The EUR slumped following a brief recovery in the 16-nation currency. Weakening the EUR was not only the warning from S&P concerning the health of the Greek banking system, but also a decision by Ireland to inject billions of euros into the ailing Irish banking system and a reduced growth forecast by the International Monetary Fund (IMF) for Germany.
The plan to aid the struggling Irish banking system, dubbed by the Irish press as Bailout Tuesday, the Irish government would seize two banking institutions, inject funds into struggling banks and take control of troubled assets at other lenders. Irish finance experts have called this the nationalization of the Irish banking system. In total, 8B euros will be used to support Irish banks. This does not include another 2.7B euro private investment that will be needed to bring Irish banks up to their needed capitalization standards.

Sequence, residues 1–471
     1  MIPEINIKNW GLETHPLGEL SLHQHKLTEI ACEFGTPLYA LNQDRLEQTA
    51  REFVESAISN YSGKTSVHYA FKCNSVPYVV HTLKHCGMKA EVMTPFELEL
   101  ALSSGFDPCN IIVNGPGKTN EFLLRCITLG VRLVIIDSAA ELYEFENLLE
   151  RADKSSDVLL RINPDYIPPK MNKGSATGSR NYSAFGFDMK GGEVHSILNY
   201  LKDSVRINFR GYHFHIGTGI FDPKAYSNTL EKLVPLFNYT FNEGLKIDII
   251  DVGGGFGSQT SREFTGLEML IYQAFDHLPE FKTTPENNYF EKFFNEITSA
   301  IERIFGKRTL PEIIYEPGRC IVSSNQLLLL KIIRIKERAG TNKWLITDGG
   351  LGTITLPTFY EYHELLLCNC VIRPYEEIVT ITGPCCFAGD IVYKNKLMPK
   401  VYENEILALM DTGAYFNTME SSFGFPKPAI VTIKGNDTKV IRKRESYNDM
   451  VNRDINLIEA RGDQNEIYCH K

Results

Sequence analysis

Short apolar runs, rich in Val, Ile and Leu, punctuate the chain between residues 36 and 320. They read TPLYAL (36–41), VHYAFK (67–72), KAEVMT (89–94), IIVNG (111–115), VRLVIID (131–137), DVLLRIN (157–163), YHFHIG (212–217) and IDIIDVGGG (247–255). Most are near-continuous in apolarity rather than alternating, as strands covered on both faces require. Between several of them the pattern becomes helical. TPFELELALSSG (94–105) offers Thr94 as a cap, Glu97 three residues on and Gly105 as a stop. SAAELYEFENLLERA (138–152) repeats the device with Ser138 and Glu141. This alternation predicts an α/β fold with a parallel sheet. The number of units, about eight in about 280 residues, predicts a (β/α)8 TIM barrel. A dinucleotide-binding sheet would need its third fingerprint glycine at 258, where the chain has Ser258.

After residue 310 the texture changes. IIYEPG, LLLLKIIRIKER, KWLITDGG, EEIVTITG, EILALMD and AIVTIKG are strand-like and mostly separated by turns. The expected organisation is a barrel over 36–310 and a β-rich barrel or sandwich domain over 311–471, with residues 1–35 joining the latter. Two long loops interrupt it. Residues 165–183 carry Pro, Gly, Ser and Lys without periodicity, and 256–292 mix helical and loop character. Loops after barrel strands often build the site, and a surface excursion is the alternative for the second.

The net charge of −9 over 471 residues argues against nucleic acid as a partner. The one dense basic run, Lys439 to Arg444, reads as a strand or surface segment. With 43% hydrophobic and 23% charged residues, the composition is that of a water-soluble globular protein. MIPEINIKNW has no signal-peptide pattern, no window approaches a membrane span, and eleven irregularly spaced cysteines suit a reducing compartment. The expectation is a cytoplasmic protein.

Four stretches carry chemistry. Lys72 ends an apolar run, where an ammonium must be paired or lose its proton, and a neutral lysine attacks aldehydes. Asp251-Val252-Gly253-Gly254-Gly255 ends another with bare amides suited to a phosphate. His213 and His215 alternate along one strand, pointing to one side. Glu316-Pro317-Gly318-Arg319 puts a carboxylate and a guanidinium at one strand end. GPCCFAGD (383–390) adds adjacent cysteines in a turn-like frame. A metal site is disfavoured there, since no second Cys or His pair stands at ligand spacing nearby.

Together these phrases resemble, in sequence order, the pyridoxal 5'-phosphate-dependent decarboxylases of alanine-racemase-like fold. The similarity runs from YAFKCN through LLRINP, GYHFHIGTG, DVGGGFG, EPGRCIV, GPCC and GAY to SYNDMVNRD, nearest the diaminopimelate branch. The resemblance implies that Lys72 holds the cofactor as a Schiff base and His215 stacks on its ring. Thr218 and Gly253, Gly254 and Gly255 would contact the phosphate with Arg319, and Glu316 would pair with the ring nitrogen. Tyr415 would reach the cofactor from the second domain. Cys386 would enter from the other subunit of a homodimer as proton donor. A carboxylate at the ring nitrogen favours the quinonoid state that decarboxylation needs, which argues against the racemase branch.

Adding to Europe's woes was a reduced forecast for German economic growth by the IMF. The forecast was dropped to 1.2% from 1.5%.
Interestingly enough, it appears the U.S. is putting more distance between itself and Europe as the major U.S. banking institutions are recovering and returning to profitability while European financial institutions continue to require fresh government aid. This may be reflected in the recent loss of value in the EUR.